Avoid this Resume Pitfall!
Because employers aren’t interested in what tasks a person performed in each past position. They want to know exactly how good someone is at those tasks. They need proof of skill.
Recently an executive shared an overview of his work experience with me. Even at the executive level he was focused heavily on tasks (“I did this, then I did that“), when in actuality his achievements are what carry more weight in a job search (and on a resume).
Guess how well his old resume was performing sharing all those tasks? Hint: It wasn’t!
If you find yourself falling down a similar rabbit hole when it comes time to write your resume, here are 3 strategies to avoid the task-based pitfall:
➡️ KNOW YOUR VALUE:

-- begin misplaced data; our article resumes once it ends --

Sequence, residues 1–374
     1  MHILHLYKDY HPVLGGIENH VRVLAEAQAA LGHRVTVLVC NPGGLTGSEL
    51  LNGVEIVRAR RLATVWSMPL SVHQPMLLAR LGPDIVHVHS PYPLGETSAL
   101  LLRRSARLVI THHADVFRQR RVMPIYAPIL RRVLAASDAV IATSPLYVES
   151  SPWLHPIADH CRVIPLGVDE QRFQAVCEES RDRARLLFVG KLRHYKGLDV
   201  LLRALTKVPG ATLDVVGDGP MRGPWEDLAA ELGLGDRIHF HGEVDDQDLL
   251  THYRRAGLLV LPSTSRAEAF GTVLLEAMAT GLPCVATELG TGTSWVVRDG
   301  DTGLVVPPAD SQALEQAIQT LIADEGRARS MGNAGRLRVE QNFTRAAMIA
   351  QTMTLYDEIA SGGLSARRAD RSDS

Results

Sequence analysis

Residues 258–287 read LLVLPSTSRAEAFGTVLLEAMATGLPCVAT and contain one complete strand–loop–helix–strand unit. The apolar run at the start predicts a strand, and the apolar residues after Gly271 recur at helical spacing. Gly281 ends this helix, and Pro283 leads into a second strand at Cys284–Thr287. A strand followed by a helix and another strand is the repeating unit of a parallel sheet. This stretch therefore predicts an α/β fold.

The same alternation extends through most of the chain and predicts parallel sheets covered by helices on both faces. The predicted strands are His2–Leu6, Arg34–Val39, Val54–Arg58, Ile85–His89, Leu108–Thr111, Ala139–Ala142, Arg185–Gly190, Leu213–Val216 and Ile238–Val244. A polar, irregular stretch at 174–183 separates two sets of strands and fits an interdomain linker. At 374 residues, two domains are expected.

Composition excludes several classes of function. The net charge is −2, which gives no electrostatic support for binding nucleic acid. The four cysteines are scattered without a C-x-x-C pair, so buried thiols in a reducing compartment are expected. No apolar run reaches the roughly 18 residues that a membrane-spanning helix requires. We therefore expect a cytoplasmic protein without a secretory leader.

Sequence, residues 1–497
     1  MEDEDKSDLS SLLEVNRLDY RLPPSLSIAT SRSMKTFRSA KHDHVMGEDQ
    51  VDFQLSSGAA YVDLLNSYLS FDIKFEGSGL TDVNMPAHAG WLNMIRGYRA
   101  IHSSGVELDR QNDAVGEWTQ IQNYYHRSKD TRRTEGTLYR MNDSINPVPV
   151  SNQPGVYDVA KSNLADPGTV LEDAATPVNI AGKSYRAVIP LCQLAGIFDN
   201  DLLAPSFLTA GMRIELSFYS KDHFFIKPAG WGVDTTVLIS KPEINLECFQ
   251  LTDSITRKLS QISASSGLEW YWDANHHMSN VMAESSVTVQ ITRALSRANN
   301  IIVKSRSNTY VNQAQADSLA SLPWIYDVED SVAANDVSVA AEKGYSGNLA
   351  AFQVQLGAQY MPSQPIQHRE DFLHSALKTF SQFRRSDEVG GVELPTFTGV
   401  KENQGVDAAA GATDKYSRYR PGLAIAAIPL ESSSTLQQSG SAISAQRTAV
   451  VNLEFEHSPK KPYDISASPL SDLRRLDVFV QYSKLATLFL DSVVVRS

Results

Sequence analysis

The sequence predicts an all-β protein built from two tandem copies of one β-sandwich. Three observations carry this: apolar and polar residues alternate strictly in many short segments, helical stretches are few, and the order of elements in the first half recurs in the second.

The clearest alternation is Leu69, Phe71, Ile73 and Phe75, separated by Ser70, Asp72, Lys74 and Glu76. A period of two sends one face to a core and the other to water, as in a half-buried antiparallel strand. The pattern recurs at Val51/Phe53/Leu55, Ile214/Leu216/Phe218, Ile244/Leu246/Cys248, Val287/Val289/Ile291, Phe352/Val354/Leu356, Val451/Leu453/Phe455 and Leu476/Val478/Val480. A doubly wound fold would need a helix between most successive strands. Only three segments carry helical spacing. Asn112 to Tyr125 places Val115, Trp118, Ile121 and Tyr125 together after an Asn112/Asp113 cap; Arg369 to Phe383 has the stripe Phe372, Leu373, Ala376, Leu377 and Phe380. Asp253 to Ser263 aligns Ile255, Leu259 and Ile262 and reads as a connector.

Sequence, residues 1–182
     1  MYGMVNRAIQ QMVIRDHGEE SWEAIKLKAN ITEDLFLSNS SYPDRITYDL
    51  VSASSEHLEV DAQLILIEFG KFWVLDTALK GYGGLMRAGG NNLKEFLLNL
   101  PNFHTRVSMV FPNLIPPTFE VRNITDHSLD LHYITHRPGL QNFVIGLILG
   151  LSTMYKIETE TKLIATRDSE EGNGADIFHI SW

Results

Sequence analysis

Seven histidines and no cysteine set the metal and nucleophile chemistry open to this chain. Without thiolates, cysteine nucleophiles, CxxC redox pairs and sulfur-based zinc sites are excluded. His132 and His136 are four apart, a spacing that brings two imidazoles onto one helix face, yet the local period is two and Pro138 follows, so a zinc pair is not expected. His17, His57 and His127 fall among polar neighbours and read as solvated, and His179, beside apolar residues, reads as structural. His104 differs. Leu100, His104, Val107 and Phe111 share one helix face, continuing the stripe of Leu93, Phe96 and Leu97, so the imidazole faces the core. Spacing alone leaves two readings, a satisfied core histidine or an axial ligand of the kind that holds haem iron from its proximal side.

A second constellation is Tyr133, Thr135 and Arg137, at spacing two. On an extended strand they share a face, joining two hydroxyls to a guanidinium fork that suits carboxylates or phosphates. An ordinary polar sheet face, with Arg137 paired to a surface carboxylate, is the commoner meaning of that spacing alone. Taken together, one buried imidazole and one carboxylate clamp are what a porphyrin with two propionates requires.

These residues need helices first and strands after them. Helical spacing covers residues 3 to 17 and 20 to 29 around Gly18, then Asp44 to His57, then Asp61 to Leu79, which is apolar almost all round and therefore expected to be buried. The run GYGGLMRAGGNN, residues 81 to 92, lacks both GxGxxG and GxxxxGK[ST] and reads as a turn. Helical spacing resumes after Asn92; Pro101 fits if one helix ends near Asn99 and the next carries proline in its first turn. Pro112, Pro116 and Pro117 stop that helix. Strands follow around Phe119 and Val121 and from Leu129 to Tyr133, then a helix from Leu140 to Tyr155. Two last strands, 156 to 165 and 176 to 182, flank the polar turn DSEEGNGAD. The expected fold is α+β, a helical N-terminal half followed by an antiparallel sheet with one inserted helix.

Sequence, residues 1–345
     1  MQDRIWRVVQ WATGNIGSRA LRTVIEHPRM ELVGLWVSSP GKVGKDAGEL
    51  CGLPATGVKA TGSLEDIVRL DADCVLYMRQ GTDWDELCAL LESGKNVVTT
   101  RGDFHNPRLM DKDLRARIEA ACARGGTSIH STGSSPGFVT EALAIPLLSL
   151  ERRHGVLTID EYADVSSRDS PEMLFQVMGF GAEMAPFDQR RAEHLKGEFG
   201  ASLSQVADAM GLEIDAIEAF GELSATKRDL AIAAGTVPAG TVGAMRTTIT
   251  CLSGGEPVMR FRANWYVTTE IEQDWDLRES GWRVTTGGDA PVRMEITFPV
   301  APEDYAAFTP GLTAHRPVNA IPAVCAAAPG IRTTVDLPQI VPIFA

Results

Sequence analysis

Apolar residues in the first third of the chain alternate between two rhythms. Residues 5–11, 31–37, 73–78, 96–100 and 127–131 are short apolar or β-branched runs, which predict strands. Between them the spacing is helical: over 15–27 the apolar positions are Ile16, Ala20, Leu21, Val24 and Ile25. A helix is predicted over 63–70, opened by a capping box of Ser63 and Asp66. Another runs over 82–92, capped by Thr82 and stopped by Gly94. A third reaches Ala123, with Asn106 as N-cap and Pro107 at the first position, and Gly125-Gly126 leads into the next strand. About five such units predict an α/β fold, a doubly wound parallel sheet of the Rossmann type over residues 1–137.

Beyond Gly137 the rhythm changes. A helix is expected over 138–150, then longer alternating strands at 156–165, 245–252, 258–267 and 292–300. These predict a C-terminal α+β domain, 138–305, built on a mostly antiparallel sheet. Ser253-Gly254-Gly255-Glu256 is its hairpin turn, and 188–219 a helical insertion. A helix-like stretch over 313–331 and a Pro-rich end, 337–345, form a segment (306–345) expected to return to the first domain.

Professionals share many similar skills and values, but no two are exactly alike. Why should YOU be chosen over your competitors? Contemplate your difference and identify specific examples (with metrics) to your support claims.
➡️ KEEP CONTENT FOCUSED AND RELEVANT:
Eliminate lengthy job descriptions and generalized overviews: these are a given, and a bore. Pinpoint pertinent content from your career that demonstrates you understand unique role requirements. Cut out unrelated content.
➡️SHARPEN THE PRESENTATION:
If you are distributing your resume directly (recommended!) you need a file that screams polished professional. Employ savvy layouts and appropriate design components (charts, graphs, or color) to ensure your resume impresses at first glance.
What else is recommended for a modern resume that sells instead of tells❓ Read what others had to share on this topic in my recent LinkedIn post.
Looking for ways to add specifics and measurements into your own resume, but unsure how where to start? I created a handy chart with loads of examples that you can view in this post: “How to Add Achievements Into Your Resume”.